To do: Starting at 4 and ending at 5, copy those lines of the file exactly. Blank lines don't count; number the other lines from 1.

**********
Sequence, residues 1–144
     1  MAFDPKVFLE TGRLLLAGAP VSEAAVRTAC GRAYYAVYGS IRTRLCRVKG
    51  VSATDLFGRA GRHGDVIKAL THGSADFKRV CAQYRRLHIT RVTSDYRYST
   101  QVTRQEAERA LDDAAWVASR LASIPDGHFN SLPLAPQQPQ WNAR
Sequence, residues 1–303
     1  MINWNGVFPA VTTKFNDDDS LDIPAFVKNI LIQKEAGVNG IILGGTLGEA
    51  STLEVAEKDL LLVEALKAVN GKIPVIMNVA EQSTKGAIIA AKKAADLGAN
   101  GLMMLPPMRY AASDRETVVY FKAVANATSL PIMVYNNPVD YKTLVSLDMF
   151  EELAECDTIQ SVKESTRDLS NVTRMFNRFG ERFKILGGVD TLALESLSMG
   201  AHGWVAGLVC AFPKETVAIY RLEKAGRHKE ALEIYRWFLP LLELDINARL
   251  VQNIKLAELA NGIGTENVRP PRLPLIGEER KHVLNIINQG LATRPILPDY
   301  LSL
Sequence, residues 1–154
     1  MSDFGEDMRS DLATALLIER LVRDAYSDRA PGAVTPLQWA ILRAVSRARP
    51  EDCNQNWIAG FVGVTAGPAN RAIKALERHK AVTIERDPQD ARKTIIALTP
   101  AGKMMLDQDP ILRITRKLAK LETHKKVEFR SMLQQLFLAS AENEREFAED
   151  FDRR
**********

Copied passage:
   101  QVTRQEAERA LDDAAWVASR LASIPDGHFN SLPLAPQQPQ WNAR
Sequence, residues 1–303